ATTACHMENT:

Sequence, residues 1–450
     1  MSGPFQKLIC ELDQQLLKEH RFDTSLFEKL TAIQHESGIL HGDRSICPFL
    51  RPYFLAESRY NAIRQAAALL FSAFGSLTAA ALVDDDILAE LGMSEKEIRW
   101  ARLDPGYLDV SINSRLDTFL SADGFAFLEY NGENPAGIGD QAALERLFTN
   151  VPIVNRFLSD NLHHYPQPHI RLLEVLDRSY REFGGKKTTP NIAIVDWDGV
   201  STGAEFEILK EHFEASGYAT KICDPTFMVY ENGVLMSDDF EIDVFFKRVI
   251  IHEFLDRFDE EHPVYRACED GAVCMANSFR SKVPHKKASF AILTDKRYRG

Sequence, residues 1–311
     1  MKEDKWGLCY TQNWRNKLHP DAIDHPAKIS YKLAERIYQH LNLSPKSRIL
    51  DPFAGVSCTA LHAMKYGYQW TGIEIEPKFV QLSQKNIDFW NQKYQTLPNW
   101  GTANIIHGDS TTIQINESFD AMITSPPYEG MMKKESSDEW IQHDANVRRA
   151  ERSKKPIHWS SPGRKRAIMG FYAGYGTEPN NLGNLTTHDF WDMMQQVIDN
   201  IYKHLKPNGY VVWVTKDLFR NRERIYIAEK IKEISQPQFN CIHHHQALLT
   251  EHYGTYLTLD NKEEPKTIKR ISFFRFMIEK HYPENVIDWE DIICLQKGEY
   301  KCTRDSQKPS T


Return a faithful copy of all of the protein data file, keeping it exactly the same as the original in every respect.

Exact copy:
Sequence, residues 1–450
     1  MSGPFQKLIC ELDQQLLKEH RFDTSLFEKL TAIQHESGIL HGDRSICPFL
    51  RPYFLAESRY NAIRQAAALL FSAFGSLTAA ALVDDDILAE LGMSEKEIRW
   101  ARLDPGYLDV SINSRLDTFL SADGFAFLEY NGENPAGIGD QAALERLFTN
   151  VPIVNRFLSD NLHHYPQPHI RLLEVLDRSY REFGGKKTTP NIAIVDWDGV
   201  STGAEFEILK EHFEASGYAT KICDPTFMVY ENGVLMSDDF EIDVFFKRVI
   251  IHEFLDRFDE EHPVYRACED GAVCMANSFR SKVPHKKASF AILTDKRYRG

Sequence, residues 1–311
     1  MKEDKWGLCY TQNWRNKLHP DAIDHPAKIS YKLAERIYQH LNLSPKSRIL
    51  DPFAGVSCTA LHAMKYGYQW TGIEIEPKFV QLSQKNIDFW NQKYQTLPNW
   101  GTANIIHGDS TTIQINESFD AMITSPPYEG MMKKESSDEW IQHDANVRRA
   151  ERSKKPIHWS SPGRKRAIMG FYAGYGTEPN NLGNLTTHDF WDMMQQVIDN
   201  IYKHLKPNGY VVWVTKDLFR NRERIYIAEK IKEISQPQFN CIHHHQALLT
   251  EHYGTYLTLD NKEEPKTIKR ISFFRFMIEK HYPENVIDWE DIICLQKGEY
   301  KCTRDSQKPS T